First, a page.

than with truth.
Bishop Watson. is a mark of superior genius," says Mrs. Mariet, in ber Conversations on Natural Philosophy, DISDAIN-Character of. " to find matter for wonder, observation, and Disdain has swell’d him up, and choked bis research, in circumstances which, to the ordi.
breath, Dary mind, appear trivial, because they are
Sullen and dumb, and obstinate to death : common; and with which they are satisfied, | No signs of pity in his face appear: because they are natural; without reflecting
Crammd with his pride, he leaves no room that nature is our grand field of observation,
within, that within it is contained our whole store of
For sighs to issue out, or love to enter in. knowledge."
Dryden. The application of the power of electricity to machinery, so as to obtain any force, and which | Disdain and scorn ride sparkling in her eve. is said recently to have been done to some
Despising what they look on. Shakspeare. extent, will be one of the most brilliant achievements ever made in human science; | DISEASE-Oure of. and that of perpetual motion, in self-moving
| Before the curing of a strong disease, machines (if it can ever be effected), will far
Ev'n in the instant of repair and health, surpass eiery other discovery yet made.
The fit is strongest : evils that take leave,
Dr. Howard. DISCREPANCY.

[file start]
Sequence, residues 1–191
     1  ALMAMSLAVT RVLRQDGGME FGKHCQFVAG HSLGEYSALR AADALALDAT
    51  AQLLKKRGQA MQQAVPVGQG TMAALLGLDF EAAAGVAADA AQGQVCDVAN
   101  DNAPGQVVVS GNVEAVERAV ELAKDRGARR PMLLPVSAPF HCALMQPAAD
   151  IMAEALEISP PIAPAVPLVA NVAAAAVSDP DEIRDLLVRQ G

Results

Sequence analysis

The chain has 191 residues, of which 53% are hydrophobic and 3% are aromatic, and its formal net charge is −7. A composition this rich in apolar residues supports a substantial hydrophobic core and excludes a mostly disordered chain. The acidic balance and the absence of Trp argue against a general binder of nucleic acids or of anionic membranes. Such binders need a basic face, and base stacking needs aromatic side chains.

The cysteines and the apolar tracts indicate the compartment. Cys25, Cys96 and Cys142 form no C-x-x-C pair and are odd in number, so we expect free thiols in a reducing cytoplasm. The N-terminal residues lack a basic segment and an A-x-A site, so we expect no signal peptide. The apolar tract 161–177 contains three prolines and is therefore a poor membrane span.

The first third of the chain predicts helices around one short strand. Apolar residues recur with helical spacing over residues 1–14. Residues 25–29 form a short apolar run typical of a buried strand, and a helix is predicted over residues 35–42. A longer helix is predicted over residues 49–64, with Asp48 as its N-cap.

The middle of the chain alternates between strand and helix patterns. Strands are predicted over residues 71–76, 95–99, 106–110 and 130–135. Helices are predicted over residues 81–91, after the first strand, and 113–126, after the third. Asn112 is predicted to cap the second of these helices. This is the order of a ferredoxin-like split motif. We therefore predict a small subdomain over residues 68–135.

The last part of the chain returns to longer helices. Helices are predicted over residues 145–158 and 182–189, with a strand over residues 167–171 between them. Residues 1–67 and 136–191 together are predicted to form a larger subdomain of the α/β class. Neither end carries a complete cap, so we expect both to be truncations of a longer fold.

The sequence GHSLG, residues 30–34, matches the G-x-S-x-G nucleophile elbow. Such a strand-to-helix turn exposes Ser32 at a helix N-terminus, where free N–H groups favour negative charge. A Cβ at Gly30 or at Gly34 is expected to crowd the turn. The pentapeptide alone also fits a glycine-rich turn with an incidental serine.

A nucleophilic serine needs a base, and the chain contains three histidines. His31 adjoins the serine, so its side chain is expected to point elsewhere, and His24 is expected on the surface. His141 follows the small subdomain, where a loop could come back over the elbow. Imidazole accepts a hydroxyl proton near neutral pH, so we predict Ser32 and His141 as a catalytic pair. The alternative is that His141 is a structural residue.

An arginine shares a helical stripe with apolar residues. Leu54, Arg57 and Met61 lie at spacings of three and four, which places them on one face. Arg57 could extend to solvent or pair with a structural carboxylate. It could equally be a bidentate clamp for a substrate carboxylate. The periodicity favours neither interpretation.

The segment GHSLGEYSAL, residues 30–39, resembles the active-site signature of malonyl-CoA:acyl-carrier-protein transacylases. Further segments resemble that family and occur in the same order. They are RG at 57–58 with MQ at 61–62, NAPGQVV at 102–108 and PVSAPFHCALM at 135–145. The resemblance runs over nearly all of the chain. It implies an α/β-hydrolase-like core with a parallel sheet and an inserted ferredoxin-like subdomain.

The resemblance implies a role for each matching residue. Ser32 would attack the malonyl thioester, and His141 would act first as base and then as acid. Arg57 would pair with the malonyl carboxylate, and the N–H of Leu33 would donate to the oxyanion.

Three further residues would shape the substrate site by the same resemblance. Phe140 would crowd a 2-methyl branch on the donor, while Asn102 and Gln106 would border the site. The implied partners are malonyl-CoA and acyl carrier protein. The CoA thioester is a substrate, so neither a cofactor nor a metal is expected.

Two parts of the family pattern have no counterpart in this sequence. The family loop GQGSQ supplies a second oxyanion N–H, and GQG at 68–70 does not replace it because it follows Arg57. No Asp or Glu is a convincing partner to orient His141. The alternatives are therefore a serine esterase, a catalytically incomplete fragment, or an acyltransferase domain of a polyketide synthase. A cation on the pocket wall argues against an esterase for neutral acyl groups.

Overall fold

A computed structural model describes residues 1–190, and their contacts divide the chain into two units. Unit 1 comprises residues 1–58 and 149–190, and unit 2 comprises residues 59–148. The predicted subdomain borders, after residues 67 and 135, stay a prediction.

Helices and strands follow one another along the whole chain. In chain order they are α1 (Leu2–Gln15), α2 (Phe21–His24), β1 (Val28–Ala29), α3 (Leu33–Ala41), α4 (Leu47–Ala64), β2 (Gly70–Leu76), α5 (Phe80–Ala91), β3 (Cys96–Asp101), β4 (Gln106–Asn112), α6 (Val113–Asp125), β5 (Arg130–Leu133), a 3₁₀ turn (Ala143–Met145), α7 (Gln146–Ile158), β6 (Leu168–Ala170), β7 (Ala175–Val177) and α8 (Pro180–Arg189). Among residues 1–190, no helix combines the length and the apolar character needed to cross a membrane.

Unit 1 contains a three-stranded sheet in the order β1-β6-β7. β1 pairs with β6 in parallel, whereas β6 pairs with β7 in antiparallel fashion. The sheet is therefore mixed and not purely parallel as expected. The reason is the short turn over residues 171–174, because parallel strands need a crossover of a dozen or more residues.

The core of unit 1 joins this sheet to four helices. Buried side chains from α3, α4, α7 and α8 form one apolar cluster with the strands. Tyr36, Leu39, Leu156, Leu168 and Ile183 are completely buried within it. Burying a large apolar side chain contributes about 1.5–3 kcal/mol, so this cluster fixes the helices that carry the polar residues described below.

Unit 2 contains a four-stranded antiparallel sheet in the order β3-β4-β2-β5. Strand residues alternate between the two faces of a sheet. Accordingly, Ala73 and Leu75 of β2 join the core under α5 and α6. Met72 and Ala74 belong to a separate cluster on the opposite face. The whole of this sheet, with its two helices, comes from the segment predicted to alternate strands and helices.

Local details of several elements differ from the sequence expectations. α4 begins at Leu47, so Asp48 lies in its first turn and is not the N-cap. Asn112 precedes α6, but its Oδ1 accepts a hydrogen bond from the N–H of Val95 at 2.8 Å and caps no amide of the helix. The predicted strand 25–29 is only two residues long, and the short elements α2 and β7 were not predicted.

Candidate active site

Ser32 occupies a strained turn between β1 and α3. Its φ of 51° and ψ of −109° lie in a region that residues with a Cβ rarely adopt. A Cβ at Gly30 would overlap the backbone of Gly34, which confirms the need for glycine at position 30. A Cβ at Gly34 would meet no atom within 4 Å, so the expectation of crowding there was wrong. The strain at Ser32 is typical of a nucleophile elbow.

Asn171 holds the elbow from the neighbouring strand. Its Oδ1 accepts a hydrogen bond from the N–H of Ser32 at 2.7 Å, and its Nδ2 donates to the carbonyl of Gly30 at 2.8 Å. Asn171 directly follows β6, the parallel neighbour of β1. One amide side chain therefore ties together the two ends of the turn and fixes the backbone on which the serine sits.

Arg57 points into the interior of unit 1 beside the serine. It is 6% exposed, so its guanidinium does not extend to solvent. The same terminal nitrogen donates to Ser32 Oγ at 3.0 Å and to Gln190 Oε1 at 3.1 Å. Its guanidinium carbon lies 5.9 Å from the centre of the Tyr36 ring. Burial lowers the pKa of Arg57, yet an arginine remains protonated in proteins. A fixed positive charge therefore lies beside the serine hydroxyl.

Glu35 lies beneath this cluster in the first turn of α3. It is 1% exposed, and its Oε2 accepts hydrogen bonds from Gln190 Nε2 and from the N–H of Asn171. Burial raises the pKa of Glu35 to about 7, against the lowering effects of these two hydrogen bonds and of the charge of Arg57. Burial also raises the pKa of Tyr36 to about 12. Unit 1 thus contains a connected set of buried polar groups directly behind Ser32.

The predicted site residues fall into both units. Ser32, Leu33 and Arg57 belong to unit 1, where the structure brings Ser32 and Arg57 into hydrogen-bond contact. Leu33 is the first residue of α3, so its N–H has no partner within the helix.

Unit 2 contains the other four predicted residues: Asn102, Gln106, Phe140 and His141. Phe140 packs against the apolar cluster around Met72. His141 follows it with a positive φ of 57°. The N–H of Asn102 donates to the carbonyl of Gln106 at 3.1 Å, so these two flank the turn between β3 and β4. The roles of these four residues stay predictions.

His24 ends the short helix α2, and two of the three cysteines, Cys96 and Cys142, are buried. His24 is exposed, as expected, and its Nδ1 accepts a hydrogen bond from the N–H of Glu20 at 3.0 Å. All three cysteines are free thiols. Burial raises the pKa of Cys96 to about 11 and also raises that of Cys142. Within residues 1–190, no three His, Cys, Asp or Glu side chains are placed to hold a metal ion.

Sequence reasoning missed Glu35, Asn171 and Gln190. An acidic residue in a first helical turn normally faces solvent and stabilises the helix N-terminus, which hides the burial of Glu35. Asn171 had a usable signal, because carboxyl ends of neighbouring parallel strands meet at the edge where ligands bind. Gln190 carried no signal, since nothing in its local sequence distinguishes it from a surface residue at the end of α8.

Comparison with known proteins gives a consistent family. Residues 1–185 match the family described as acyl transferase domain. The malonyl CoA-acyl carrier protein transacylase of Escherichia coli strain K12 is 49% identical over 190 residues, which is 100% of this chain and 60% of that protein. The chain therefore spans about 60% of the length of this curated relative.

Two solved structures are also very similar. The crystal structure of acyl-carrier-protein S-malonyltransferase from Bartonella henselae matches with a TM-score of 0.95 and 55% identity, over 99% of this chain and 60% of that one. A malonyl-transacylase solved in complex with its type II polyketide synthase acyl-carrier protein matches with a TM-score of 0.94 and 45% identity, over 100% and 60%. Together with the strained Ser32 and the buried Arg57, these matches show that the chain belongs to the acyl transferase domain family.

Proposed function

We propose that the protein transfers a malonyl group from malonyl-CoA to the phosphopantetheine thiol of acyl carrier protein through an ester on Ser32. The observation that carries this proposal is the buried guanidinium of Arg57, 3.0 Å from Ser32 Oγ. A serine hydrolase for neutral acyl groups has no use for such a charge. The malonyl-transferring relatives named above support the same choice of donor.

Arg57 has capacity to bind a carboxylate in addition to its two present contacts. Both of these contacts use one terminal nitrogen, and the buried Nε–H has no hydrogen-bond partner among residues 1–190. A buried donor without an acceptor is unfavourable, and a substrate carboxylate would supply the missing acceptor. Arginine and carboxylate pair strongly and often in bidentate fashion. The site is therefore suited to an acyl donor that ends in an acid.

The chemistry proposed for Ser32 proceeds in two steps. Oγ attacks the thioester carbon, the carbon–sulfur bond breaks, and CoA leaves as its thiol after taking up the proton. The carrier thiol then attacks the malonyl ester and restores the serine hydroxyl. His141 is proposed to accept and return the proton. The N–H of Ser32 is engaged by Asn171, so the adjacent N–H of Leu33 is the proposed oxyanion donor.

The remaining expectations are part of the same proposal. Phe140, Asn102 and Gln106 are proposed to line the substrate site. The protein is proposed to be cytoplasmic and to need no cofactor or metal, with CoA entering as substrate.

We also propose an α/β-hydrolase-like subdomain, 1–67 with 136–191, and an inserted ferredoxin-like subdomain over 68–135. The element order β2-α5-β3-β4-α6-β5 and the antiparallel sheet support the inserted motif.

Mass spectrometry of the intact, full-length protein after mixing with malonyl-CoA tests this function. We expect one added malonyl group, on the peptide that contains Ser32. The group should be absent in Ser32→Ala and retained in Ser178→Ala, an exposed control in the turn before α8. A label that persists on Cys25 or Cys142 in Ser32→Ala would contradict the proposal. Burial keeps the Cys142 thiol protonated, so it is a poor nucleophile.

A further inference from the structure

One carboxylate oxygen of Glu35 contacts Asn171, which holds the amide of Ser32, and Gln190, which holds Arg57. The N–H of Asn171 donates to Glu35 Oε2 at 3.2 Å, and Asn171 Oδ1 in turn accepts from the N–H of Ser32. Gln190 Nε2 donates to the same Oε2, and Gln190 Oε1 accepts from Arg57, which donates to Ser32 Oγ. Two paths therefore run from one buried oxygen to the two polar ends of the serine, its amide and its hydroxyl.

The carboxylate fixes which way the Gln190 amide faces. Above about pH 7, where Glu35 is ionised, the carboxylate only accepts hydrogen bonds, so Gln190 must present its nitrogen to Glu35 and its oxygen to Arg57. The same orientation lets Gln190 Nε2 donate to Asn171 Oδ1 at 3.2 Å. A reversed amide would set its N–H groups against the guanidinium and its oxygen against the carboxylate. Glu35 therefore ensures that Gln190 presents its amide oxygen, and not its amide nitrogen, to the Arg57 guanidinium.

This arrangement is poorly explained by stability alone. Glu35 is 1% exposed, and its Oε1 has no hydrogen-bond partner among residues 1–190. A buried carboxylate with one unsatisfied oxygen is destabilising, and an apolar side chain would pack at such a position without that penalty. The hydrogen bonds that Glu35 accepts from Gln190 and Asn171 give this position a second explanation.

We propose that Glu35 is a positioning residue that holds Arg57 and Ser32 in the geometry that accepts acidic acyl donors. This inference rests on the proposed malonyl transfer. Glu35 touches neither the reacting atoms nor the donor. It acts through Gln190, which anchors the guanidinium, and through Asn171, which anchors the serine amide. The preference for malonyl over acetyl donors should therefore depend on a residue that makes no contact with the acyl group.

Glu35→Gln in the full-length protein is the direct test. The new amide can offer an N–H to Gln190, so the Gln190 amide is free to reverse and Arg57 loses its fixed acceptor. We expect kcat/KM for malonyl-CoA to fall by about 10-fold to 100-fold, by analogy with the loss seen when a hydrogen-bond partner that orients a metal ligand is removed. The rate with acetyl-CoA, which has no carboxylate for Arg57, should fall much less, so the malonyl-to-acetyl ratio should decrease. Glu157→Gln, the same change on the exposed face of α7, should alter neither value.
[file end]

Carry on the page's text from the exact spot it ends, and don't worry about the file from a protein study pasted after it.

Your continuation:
On their departure most of all show evil. Ibid. Certain trifling flaws sit as disgracefully on a DISEASE-Strength of. character of elegance as a ragged button on a
And where the greater malady is fix'd, court dress
The lesser is scarce felt : when the mind's
free, DISCRETION-Advantages of.
The body's delicate. The tempest in my mind There is po talent so useful towards rising in | Does from my senses take all feeling else, the world, or which puts men more out of the Save what beats there.
Ibid. power of fortune, than that quality generally possessed by the dullest sort of men, and in DISGUISE-Wickedness of. cuminon speech called “discretion,”-a species | Disguise, I see, thou art a wickedness, of lower prudence, by the assistance of which | Wherein the preunant enemy doe
Wherein the pregnant enemy does much. people of the meanest intellectuals pass through How easy is it for the proper false the world in great tranquillity, neither giving In women's waxen hearts to set their forms! Lor taking offence. For want of a reasonable | Alas, our frailty is the cause, not we: infusion of this aldermanly discretion, every- | For, such as we are made of, such we be. Ibid. thing fails. Had Windham possessed discre. tion in debate, or Sheridan in conduct, they DISHONESTY-Characteristics of. might have ruled their age.